For the second time in six months, the Bank of England interest base rate has risen. The first increase came in November 2017 when it rose from 0.25% to 0.5%, and it has now increased to 0.75%. But how does this impact current homeowners with mortgages and first time buyers looking to secure a mortgage?
The Bank of England base rate explained
The Bank of England is the UK’s central bank, and they set the base interest rate. This is what they charge when lending money to commercial banks, such as the ones you would look to for a mortgage or savings account.
The majority of banks then use this base rate to determine the variance in their own savings and mortgage interest rates. If the base rate goes up or down, typically so do interest rates.
How the base rate affects variable and fixed rate mortgages
There are two types of mortgages; variable rate (or tracker mortgages) which follow the change in base rate, and fixed rate mortgages which are a fixed rate of interest for a specified time period (i.e. 2 years, 3 years, 5 years).
If you are currently on a variable rate mortgage, the interest rate change will mean an immediate increase in your monthly payments. However, as the increase is only 0.25%, for most people this should be manageable.
For example, a homeowner with a £250,000 property on a variable mortgage, took out over 30 years with a 10% deposit, would see an increase of around £30 per month in their payments. You can work out your increase using our mortgage calculator here.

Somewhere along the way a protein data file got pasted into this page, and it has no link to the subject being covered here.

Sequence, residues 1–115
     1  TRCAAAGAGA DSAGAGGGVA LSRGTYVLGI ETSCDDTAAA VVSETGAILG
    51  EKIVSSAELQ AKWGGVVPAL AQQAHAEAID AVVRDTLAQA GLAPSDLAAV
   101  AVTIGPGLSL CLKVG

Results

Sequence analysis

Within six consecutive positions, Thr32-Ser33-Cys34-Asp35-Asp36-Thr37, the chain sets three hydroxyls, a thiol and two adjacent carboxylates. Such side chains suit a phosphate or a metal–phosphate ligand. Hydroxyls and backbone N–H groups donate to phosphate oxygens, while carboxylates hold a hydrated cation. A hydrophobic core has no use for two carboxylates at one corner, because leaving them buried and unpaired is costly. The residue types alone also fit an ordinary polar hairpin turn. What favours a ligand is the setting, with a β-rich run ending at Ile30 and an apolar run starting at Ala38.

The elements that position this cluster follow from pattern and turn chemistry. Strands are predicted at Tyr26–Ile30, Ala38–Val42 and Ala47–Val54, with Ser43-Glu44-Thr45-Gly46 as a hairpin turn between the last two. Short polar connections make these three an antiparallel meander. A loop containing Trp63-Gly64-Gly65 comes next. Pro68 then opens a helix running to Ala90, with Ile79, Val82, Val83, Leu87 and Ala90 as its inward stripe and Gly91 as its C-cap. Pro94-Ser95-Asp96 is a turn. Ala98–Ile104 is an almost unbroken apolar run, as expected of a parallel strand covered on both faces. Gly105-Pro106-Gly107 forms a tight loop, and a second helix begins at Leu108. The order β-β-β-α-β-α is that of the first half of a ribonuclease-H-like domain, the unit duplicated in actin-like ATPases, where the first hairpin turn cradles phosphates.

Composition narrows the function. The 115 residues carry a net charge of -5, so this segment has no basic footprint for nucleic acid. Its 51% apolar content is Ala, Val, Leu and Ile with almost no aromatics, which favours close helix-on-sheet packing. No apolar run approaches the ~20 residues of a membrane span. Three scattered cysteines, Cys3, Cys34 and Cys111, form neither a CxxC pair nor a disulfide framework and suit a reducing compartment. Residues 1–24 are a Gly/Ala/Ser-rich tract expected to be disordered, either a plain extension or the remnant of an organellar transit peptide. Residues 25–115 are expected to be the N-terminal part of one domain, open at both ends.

If you’re on a fixed rate mortgage, the rise will not affect you today. However, when you come to the end of your fixed term, you may find that the interest rate deals available will have increased slightly in line with the new base rate, and will inevitably cost you slightly more.
How the base rate affects first time buyers
Research by Moneyfacts has shown that for those with a 5% deposit, the average two-year fixed mortgage interest rate has increased from 4.16% to 4.26%.
However, first time buyers should not be disheartened. Mortgage lenders are still offering deals to entice those with lower deposits, and with the government’s Help to Buy scheme allowing buyers to top up their deposit by up to 20%, buyers can then access a 75% or less mortgage, offering much lower interest rate deals.
Get professional mortgage advice
If you’re currently in the market for a new home and are worried about how the interest rate will impact you, speak to one of our recommended independent mortgage advisors. They can advise the best mortgage option for you.
Find your local development and arrange a personal appointment to speak to someone today.